The landscape had shifted massively. By adopting this position, if the Judge were to determine that the client had access to or controlled any asset over what he had declared, then the whole amount of £22million was payable and, if not paid, a default term of up to 10 years would be added to the sentence currently being served. The stakes at play could not have been higher.

The team had an enormous task, as much of the expenditure had been undertaken in cash, meaning that with little or nothing in the way of a paper trail, proving this was going to be tough.

Lewis Nedas assembled a formidable team: Jason Sugarman from 9-12 Bell Yard, noted for his skill in complex fraud and confiscation, and Philip De Nahlik from Begbies Traynor to analyse and report upon the available financial data.

The team worked amazingly well and each brought something fresh to the table. Over time and with much investigative work, we were ready for the hearing.

The evidence was called, and our client and expert Philip De Nahlik gave evidence to the Court about the expenditure.

Having heard five days of evidence, and with the benefit of Jason Sugarman’s careful submissions, the Judge finally ruled on the last working day before Christmas that we had persuaded the Court that there were no hidden assets and that we had accounted for the expenditure.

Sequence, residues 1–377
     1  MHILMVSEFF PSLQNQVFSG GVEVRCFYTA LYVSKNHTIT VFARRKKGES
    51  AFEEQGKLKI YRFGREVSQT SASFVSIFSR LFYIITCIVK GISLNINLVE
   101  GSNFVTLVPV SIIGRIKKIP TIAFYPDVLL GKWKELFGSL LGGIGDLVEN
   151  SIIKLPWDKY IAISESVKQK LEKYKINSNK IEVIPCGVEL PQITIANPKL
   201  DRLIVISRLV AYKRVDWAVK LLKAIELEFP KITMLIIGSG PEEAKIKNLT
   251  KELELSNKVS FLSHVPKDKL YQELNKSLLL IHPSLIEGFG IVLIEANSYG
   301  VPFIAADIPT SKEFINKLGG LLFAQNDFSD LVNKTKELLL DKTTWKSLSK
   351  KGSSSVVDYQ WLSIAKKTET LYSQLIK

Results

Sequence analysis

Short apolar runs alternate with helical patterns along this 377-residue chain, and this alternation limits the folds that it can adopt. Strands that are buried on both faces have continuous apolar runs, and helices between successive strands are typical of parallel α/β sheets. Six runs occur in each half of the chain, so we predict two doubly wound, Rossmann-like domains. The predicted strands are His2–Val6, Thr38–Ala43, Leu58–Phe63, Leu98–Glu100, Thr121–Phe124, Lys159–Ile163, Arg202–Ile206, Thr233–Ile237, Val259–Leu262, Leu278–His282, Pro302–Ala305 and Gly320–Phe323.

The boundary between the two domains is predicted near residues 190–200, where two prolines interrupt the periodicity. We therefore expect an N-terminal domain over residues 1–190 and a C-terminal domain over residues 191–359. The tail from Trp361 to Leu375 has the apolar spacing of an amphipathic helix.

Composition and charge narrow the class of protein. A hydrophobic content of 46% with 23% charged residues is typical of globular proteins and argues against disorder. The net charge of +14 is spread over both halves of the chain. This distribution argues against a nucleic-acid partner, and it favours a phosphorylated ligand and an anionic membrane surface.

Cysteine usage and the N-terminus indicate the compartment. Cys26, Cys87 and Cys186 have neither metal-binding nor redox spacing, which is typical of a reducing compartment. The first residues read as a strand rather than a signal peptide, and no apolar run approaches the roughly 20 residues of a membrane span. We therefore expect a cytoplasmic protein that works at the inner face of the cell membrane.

A great and well deserved result.

The importance of this case shows that by utilizing the right people and the right team you can successfully defend confiscation proceedings. All too often defendants are advised by their teams to accept ‘deals’ that they really ought not to. If you are ever in this situation then call our POCA team for their expert representation.

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  2281 Hits
2281 Hits

Another top result for our criminal lawyers: POCA money laundering allegation acquittal

Further to our recent announcement about Unan Choudhury's witness intimidation acquittal, we are pleased to announce that Unan also successfully defended a grandmother, accused of POCA / money laundering offences. A succesful legal submission in the early stages of trial, that there was no case for her to answer, secured her immediate acquittal.

Contact Lewis Nedas Law's money laundering defence lawyers for specialist legal advice today.

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  2786 Hits
2786 Hits